Zeiss line of cine lenses for DSLR video (and stills)
Shooting high-definition (HD) video using a DSLR is an explosive trend, leading to DSLRs being used as backup cameras on major films, the recording of certain popular TV shows, independent film-makers, videos supplementing traditional photography (eg weddings), and of course, your everyday self-made videos.
Carl Zeiss is addressing this rapidly growing market by showing/introducing at NAB in April a new line of Cine lenses for DSLR video. I expect to have some of these lenses for review around that time. The optical design is the same as the existing Zeiss ZE optics for Canon EOS (which are the same optics as for Nikon ZF/ZF.2), but the lens barrel and mechanics are completely different.
See my Guide to Zeiss ZE / Zeiss ZF Lenses.
The target market for the new Zeiss Cine lenses includes independent film-makers, high end TV shows, even the big studios using DSLRs as 2nd cameras. The appeal is that the Zeiss offerings are a small fraction of the price of existing Cine lenses, such as the Zeiss Master Prime series.
There are substantive differences between the cine lenses and the ZE line:
- Each lens is hand-selected in Germany eg “cherry picked”;
- The diaphragm has 14 aperture blades, resulting in a near-perfect circular aperture (14 blades vs 10 is possible because of the larger diameter lens barrel);
- All lenses have 300° of focus rotation, with all new gearing designed for luxurious and accurate focusing for video use;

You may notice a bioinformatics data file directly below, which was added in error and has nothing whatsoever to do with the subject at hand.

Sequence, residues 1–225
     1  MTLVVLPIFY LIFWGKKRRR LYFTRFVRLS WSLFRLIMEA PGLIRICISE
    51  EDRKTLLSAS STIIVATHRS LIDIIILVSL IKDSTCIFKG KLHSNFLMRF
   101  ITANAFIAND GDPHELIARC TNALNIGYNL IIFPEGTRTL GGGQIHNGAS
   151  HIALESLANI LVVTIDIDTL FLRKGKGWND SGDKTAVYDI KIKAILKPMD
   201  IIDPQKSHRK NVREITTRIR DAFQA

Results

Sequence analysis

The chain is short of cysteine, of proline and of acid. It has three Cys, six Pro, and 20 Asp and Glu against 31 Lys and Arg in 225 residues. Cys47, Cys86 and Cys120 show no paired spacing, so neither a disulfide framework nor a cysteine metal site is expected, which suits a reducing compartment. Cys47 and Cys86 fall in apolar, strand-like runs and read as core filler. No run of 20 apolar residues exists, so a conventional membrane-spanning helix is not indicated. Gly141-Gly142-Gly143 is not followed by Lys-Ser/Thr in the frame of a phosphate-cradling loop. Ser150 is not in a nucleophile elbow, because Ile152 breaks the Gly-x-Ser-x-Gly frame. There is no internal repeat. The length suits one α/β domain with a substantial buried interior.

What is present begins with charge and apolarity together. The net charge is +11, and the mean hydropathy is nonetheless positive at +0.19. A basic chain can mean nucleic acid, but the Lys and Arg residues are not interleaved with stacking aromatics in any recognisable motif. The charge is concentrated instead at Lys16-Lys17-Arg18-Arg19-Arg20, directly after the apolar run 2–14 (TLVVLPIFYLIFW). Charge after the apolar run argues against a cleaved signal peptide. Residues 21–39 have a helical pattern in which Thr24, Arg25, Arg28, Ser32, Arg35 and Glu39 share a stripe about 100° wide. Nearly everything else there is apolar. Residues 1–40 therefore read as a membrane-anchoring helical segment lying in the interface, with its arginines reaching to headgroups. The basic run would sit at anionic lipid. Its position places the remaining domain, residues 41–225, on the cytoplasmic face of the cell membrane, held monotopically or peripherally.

- A consistent size for each lens, with a 112mm frontal area;
- PL/EF mount for Canon EOS;
- The mount is interchangeable to future-proof the investment. (Changing mount requires backfocus adjustment and is not a field operation).
- No Nikon mount planned initially (HD video market is dominated by Canon at present);
The new Cine lenses will be available as a 6-lens kit (customer choice of lenses) for approximately US$20,000, an extremely aggressive price point for Cine lenses (the Zeiss Master Prime series costs $20K or more per lens!). They will also be available individually for approximately $3500 per lens. Final pricing will be announced in the April time frame, and will depend on various factors, including currency exchange rates. (But with the Euro looking at risk, this might mean favorable US prices at long last).
Canon DSLR users might be very tempted to choose these lenses for regular still-photo shooting: they are hand-picked and the build might prove appealing to those who want the very best. I personally will be lusting after the 100/2 Makro-Planar with that 14-blade diaphragm, but being Canon only is disappointing. Then again, until I experience the size/weight/ergonomics I'll reserve judgment.